Despite being a bit lardy, the X9 doesn´t half go well. The automatic gearbox engages quick and clean at all speeds, and the X9 can get to an indicated 100kph ( about 60mph ) and around 6 or 7 seconds. That means it eats about 90% of so called hot hatches away from the lights in town, and on urban dual carriageways – much to annoyance of their drivers, who can´t handle being beaten by a scooter.
The X9 topped out ( on a private road of course ) at an indicated 180kph, which is something mental like 115mph in old money. Admittedly, that was slightly downhill, but there´s no doubt that the X9 can easily break the ton, which is going some for any scooter.
It also stops well, with triple disc brakes, utilising a linked system, a bit like the Honda Pan-European in fact. Very controllable and very safe, like the overall handling, which is more than good enough to taken on sad gits who don´t know how to ride their sportbikes. The X9 has loads of ground clearance and its 14 inch wheels are big enough to provide reasonable stability when attacking bends, up to about 80mph, when things get a little unsettled if you hit a bump.
The whole scooter feels solid, predictable on the road and very well made. Not many sub 125cc Italian scooters have ever impressed me with their finish and engineering quality of their components, but the X9 is obviously in a different league. It´s good that Piaggio seem serious about their maxi scooter project.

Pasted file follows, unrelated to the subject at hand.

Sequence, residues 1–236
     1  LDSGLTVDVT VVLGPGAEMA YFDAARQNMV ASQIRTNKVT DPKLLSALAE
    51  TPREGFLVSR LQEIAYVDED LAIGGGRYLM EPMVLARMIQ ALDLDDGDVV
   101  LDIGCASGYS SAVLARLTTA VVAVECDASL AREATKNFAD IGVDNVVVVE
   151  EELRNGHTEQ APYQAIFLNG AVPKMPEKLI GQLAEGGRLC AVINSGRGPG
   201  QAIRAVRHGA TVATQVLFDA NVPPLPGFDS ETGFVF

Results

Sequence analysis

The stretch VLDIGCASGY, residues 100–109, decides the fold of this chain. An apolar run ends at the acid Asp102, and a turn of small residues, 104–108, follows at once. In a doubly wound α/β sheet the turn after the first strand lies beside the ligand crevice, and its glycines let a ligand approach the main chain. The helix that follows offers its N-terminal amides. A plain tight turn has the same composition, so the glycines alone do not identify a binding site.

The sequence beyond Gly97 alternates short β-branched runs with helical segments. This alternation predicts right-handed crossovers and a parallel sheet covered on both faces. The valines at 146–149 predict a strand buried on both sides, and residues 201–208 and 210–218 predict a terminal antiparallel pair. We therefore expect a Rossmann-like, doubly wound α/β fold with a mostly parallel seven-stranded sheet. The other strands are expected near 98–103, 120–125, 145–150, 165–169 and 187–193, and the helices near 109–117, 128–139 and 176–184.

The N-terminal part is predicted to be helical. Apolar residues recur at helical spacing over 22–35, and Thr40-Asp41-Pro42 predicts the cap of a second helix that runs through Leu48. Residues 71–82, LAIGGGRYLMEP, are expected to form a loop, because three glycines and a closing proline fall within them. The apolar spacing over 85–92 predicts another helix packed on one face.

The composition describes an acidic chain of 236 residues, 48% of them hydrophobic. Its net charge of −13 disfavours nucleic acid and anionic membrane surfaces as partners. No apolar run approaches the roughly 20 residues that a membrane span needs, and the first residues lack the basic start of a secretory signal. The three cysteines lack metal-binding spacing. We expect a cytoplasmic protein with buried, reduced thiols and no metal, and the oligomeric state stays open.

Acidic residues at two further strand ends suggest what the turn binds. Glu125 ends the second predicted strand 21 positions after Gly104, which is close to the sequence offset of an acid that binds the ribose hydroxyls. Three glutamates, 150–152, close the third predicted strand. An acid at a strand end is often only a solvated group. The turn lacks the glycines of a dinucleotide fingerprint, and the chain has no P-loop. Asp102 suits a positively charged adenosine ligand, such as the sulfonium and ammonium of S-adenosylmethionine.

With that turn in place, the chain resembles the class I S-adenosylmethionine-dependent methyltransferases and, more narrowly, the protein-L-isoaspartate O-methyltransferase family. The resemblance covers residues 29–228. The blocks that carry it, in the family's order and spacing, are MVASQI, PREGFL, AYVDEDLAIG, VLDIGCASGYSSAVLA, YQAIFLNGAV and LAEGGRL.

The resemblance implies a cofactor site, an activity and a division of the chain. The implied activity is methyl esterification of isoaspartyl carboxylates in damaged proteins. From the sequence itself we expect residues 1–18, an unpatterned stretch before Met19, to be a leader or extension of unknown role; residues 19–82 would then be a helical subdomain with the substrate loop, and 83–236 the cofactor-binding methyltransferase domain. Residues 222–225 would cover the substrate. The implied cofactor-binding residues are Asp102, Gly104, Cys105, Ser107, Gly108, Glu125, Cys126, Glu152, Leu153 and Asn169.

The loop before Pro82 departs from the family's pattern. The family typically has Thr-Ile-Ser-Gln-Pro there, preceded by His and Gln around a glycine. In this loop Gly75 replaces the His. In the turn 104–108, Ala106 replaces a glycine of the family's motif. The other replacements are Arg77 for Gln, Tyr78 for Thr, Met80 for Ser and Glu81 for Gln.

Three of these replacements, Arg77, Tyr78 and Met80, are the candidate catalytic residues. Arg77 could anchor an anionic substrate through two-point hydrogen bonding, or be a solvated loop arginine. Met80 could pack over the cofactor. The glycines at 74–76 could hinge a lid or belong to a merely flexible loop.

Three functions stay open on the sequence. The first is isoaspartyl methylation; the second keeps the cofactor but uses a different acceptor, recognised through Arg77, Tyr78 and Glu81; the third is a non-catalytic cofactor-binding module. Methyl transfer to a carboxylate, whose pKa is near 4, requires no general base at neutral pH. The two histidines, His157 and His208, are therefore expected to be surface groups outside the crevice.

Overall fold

I did find myself very tempted, but having ridden the spacious Yamaha Majesty 250, which is 30mph slower, but superbly good on fuel compared to the Piaggio X9, I wonder if twin cylinder maxi-scooters are really the best solution to all round transport.
Sure, the X9 has an addictive side to its personality, with that rocketship engine helping you cut through traffic at top speed. It also handles its considerable weight very well on corners and the brakes are stunning – the best I´ve tried on any scooter.
But for me, it isn´t quite perfect. It lacks enough storage space and I would trade the radio and electric centrestand for that space, plus a top box as standard. In the end, the Piaggio X9 500´s biggest rival is probably the same company´s X9 250, which uses Honda´s Foresight 250 engine, and costs a thousand quid less. Apart from the Burgman 400 of course, which is still a great maxi-scoot for around £4500.
All the main manufacturers are raising their game in the big scooter market, and the X9 demonstrates that Piaggio have learned how to create something truly competitive. It is close to being brilliant, and at this price, it is definitely worth a test ride.
Get Piaggio bike insurance for the X9.
Engine Liquid cooled, SOHC, single cylinder, four stroke.
Bore and stroke N/A
Peak power 39bhp @ 7,250rpm
Gears None, Automatic
Steel tubular frame
Twin 35mm forks
Non adjustable Rear Suspension
Twin 260mm discs front
Single 240mm disc rear
Integral linked braking system on all three discs
DRY WEIGHT; 188kgs
WHEELS/TYRES; 120/70 14 inch front, 140/60 14 inch rear.
FUEL CAPACITY; 15 litres
ESTIMATED TOP SPEED; 110mph
BUYING INFO; 2 year warranty
COLOURS; Lemon Yellow, Platinum, or Ocean Blue